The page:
When I was working in the Office of the Solicitor General (OSG) seven years ago, I had set foot on one of the country’s pride when it comes to pulchritudinous beaches.
It was a fine Saturday morning when our team arrived at the gates of the Philippines’ biggest coal-fired power station, the Sual Power Station, which generates more than 1,000 megawatts and was built in 1996 to supply electricity to the whole of Luzon. One of the many good things about being with the OSG is its established ties with Team Energy. For every company outing sponsored by them, we were privileged to get free board and lodging.
Team Energy has two power plants: The Pagbilao Power Station in Quezon and our featured point of entry for our featured place, Sual Power Station in Pangasinan. We actually had our first company outing sponsored by them only a few months before this one and you can view it via this post: “First Taste of a Virgin Beach at Lukang Island in Pagbilao, Quezon”.
The day started with a sumptuous early meal at the plant’s exclusive first-class cafeteria where an array of mouthwatering seafood swamps the dining tables. After that we spent several hours of sightseeing though the moorings a few meters away from the cafeteria.
Seeing the vastness of the ocean and hearing the swooshing of its waters against the bulkhead and the yatchs’ bows and sterns gave me such a summer indulgence to the sense of sight. We then checked in our respective rooms after and did the same thing during lunchtime. The night was full of fun, music, cards, and some soft and hard drinks. Did I include massage there?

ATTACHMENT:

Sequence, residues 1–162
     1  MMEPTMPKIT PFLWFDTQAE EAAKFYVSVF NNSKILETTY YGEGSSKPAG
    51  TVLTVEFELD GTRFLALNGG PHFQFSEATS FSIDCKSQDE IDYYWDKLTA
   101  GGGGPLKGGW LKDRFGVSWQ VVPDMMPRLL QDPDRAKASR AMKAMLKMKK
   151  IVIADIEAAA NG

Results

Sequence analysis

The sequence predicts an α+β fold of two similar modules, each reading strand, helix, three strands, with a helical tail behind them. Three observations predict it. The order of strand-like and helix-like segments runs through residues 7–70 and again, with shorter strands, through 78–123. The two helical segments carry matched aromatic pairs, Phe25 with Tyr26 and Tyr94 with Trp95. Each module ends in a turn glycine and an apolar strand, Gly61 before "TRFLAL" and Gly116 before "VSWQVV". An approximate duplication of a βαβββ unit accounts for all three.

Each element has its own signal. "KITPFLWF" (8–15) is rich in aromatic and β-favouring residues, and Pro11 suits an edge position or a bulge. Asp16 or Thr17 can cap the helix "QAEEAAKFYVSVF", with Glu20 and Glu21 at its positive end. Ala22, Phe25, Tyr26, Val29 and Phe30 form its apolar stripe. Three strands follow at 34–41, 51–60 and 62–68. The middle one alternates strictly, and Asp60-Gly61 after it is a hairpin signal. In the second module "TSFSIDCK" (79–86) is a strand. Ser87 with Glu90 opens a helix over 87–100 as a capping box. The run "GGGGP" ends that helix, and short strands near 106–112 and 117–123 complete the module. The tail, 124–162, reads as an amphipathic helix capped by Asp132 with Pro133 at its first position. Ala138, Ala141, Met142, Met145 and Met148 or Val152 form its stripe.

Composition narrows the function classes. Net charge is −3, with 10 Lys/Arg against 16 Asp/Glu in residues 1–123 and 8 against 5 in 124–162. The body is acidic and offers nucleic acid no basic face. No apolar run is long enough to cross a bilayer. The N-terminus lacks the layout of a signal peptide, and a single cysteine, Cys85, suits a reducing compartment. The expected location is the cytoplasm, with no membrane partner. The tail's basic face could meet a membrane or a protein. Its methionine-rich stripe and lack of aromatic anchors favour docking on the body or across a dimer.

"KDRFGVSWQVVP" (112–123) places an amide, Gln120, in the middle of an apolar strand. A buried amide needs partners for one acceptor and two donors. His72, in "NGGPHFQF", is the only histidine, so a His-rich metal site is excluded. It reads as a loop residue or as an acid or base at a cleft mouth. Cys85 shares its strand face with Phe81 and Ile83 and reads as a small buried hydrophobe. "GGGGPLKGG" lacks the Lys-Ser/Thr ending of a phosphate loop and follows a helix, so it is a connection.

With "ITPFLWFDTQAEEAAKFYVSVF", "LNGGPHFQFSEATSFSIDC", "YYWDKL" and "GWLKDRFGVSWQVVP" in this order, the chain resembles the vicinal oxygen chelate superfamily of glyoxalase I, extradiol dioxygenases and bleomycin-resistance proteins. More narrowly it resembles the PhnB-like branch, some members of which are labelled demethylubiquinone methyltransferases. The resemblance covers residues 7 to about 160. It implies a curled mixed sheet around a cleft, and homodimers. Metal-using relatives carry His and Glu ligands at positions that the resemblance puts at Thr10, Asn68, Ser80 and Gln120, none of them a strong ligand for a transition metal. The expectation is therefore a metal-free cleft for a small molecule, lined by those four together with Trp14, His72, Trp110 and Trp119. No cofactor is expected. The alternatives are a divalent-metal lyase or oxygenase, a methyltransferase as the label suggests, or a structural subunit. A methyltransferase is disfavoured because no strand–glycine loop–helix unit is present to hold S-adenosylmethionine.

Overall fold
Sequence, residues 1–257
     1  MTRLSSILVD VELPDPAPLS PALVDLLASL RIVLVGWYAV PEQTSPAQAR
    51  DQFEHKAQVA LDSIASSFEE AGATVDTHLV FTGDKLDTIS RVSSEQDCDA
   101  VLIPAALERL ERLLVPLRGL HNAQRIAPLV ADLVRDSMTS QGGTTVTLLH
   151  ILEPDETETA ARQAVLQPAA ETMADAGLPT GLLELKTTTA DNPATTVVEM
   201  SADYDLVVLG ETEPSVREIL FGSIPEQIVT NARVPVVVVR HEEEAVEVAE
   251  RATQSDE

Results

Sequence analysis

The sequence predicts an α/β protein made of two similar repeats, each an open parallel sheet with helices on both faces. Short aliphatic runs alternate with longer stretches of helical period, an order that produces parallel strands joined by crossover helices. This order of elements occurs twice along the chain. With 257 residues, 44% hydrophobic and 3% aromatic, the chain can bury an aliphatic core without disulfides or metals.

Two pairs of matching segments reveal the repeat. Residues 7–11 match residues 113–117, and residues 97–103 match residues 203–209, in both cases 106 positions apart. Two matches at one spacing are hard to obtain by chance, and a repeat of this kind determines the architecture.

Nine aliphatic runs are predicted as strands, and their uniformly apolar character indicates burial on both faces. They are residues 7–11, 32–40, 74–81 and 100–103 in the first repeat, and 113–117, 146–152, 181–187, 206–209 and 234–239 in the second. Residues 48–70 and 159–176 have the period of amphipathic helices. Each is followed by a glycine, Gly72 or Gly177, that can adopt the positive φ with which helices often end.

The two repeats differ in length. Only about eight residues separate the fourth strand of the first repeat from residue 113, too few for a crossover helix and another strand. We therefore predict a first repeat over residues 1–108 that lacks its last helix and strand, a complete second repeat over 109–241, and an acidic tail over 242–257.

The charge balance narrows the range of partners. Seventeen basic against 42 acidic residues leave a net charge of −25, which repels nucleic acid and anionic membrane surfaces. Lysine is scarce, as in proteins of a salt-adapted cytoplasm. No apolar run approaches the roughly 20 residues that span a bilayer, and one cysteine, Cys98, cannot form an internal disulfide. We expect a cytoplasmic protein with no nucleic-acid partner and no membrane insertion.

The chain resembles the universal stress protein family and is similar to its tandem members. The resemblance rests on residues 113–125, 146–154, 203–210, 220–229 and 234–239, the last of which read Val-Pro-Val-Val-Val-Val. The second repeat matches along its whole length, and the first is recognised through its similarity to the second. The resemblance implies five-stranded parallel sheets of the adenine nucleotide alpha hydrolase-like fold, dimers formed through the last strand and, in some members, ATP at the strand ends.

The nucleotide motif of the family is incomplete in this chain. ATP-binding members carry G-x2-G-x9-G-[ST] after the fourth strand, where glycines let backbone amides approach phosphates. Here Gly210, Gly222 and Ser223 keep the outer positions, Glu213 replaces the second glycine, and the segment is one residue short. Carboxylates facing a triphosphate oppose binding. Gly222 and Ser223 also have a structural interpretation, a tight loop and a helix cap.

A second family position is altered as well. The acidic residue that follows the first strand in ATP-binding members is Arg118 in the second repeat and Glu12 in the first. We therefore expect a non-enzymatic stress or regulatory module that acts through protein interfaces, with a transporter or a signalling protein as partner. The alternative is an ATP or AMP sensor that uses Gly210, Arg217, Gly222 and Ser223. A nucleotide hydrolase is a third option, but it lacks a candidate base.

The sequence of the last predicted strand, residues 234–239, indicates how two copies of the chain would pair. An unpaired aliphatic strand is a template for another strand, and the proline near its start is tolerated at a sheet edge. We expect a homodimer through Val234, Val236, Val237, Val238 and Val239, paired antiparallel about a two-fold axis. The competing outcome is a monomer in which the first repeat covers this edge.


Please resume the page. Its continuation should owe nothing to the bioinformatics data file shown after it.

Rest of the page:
The sky was blue, the birds were singing, and the sun that accentuated the solid blue contours of the sea was eye-squintingly bright. I felt so insanely peaceful.
Our visit to Governor’s Island did not only cover sightseeing atop but peregrinating the cave at the back of the island. The cave is big enough for people to enter but has a very narrow body. There is nothing extra special inside it but I got fascinated by the petrology of its rock formations. This point marked the end our our island adventure to the Hundred Islands. We all returned to Sual by 3:00 o’clock in the afternoon and washed up as soon as we got to our rooms.
Seeing about a hundred of the Philippines’ 7, 107 islands is an accomplishment for me. The beautiful views and fun memories from this team building highlighted my summer in 2007. They will be forever etched in my memory.
Bolinao Hundred Islands Tour Package (Updated as of January 2015) at 8wonderstravel.com
Pangasinan: Hundred Islands National Park, Entrance Fee, Boat Ride Rates, HOW TO GET THERE at backpackingphilippines.com
Hundred Islands National Park: Rates and Rental Fees at asensopangasinan.com
100 Islands at travel.pangasinan.com
Hundred Islands Tour Package for a minimum of 4 pax at lovekoanawangin.wordpress.com
Hundred Islands National Park (en.wikipedia.org)
A fun filled weekend at the Hundred Islands (theweekendsightseer.wordpress.com)